Day 2-3 (July 16-17, 2011): Sailing on Norwegian Jade at the Open Sea


“Waters are calling me,

Seas are calling me.

All distances raise a bodily voice and call me,

And all seafaring ages felt out of the past are calling me.”

Alvaro de Campos, Ode Maritima.

We are gazing at the comparatively placid Mediterranean, meditating about what this sea originated from and when…

The Mediterranean Sea is a sea connected to the Atlantic Ocean surrounded by the Mediterranean region and almost enclosed by land on the north by Anatolia and Europe, on the south by North Africa, and on the east by the Levant. The sea is technically a part of the Atlantic Ocean, although it is usually identified as a completely separate body of water.

Masks, do you know the origin of the word “Mediterranean”?

“Yes, I do.” answered one mask. “This word originated from Latin “mediterraneus” meaning “inland’ or “in the middle of the earth” ( from medius-“middle” and terra “earth’), it covers an approximate area of 2,5 million square km (965,000 sq mi ), but its connection to the Atlantic (the Strait of Gibraltar) is only 14 km (8,7 mi) wide. In oceanography, it is sometimes called the Eurafrican Mediterranean Sea or the European Mediterranean Sea to distinguish it from mediterranean seas elsewhere.

Last summer we were in Malaga, South Spain, just close to Gibraltar. This year our itinerary is in the opposite direction.

We are far away from the coastline, sitting and watching waves crash in among cavernous rocks, awed by their power. “The Jade” is sailing and sailing, passing by the islands, we see surfers, scuba divers and underwater archaelogists on the quest for shipwrecks. Today, as an old truck pulls a fishing boat from the water, the beech is empty save for seagulls and one set of foot prints in the white-colored sand. In the mid-summer daytime temperatures here shoot up to the high 20’s and these beeches are packed with swimmers, surfers and sunbathers.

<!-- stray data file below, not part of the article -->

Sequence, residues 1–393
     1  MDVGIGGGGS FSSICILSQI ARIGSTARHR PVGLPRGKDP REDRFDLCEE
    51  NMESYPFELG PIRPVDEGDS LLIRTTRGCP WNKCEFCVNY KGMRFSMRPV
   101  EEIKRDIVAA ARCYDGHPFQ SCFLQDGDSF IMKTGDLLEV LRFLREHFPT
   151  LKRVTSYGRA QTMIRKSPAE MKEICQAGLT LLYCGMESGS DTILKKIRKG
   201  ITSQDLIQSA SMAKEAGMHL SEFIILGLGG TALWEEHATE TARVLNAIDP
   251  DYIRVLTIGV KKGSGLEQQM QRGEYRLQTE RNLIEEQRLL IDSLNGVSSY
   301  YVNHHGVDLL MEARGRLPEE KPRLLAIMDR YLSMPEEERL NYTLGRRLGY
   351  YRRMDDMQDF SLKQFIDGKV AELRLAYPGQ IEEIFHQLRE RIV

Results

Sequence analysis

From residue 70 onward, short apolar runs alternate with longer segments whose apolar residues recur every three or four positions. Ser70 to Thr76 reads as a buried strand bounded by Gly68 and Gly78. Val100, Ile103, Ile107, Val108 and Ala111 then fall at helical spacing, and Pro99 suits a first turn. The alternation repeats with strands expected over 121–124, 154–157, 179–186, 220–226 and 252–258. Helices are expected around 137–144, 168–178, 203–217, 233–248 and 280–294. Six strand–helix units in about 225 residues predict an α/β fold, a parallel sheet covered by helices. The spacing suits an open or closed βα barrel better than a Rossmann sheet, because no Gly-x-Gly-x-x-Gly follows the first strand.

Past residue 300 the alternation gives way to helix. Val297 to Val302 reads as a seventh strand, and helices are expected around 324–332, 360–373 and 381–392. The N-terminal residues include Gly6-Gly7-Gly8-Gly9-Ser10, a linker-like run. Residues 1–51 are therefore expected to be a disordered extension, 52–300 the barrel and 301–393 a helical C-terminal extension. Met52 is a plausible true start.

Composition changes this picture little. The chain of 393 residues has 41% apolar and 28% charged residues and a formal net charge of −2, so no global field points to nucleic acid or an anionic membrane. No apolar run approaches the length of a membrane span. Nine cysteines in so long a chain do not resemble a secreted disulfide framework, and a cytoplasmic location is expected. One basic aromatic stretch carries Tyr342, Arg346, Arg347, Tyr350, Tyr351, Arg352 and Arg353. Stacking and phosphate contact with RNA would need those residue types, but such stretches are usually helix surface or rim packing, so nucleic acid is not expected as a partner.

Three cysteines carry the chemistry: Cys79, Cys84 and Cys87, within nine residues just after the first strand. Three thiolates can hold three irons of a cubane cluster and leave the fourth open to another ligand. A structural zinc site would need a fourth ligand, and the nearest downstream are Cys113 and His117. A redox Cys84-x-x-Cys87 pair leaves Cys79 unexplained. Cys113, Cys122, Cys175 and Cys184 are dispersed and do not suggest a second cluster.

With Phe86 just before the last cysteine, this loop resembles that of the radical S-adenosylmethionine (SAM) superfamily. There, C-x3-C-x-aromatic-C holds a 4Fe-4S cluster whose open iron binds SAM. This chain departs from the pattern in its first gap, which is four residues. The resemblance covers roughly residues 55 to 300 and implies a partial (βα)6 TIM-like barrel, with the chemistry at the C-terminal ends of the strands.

Now it’s sunset, time to go to the cabins after supper and have a rest.

The next day, after having breakfast , we are hurrying up onto the open deck for sunbathing next to the swimming pool.

“How tall Gleb became since last year?! And changed a lot by face and build-up.”

But his habits are the same: passion for swimming, diving, socializing  with lively teens, tricks and jokes are the same. The character is a person.

“Are waters calling you, guys?” I asked the Mother and Son, a lovely couple.

“Oh, yes”, both responded affirmatively without hesitating. “This is why we are here.”

Impossible to describe the colors of water of the Mediterranean at the broad daylight: sparkling as if in rainbow, azure and gentle silver, an average depth of it is 1,500 m (4,900 ft) and the deepest point is in Calypso Deep in the Ionian Sea. It was an important route for merchants and travelers of ancient times that allowed for trade and cultural exchange between emergent people of the region- the Mesopotamian, Egyptian, Phoenician, Carthaginian, Iberian, Greek, Macedonian, Illyrian, Thracian, Leviathan, Gallic,Roman, Albanian, Armenian, Arabic, Berber, Jewish, Slavic and Turkish cultures.The history of the Mediterranean region is crucial to understanding the origins and development of many modern societies. “For the three quarters of the globe, the Mediterranean Sea is similarly the uniting element and the center of World History”.

Our feelings and sensations are similar to those who are caught by the moment somewhere in the center of world history, surrounded by waters of the Mediterranean, and ship keeps on sailing and sailing, it seems waters never ever end…

Listen to: Eugenio Finardi- Extraterrestre

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